The story begins in the first person narration of Brant Tucker. He and co-worker Charlene Mooney are involved in a car crash during what seems to be a snowstorm in June while on their way to Chicago. Charlene is hurt, and Brant is directed by a talking hedgehog to a strange inn named "Worlds' End, a free house". This is revealed later as one of four inns where travelers between realms shelter during reality storms, which may be the consequences of particularly momentous events. Throughout the reading of the collection, then, the reader is aware that some kind of momentous event has occurred, to which the concluding procession alludes; the revelers at the inn gather by its windows to watch a funeral procession cross the sky, which ends with Death looking sadly into the inn and then looking down sadly at her crossed hands, as the crescent moon behind her slowly turns red. The framing sequence is penciled by Bryan Talbot and inked by Mark Buckingham, Dick Giordano and Steve Leialoha, with the exception of the funeral procession, which is penciled by Gary Amaro and inked by Tony Harris.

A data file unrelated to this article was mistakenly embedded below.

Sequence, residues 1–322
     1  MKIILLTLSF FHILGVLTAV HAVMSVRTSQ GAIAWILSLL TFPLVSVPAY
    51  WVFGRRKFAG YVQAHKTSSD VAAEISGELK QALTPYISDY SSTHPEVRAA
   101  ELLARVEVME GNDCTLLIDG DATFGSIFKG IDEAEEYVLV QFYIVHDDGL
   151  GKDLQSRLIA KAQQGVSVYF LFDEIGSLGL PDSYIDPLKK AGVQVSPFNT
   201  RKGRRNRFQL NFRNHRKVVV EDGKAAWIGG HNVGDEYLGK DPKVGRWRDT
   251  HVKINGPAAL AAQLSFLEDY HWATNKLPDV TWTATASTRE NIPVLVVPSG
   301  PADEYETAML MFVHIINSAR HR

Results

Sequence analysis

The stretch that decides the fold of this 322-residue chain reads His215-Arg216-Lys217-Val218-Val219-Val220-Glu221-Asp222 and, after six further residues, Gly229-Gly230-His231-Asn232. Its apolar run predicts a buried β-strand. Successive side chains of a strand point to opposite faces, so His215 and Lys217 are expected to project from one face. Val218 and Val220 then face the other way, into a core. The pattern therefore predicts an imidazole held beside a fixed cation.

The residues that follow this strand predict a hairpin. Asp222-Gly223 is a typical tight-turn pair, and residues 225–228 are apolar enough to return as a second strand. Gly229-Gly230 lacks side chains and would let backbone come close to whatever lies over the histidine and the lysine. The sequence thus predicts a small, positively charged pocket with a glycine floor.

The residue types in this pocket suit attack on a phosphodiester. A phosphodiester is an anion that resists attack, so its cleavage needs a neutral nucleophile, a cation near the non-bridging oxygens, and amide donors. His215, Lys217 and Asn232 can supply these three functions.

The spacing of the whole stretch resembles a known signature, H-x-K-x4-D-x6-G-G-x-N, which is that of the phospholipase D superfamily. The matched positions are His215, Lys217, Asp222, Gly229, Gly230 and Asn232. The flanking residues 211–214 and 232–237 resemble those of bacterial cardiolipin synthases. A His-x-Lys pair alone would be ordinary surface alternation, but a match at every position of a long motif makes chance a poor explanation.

The stories within the collection are each narrated by a different person during a storytelling session at the inn; as the introduction notes, this is similar to the device used in Chaucer's Canterbury Tales. This gives each a distinct style both in the telling and in the illustration, with the collection drawn together by the short sequences between stories set at the inn itself. Each story told contains at least one character telling a story within the story.
(#51) "A Tale of Two Cities"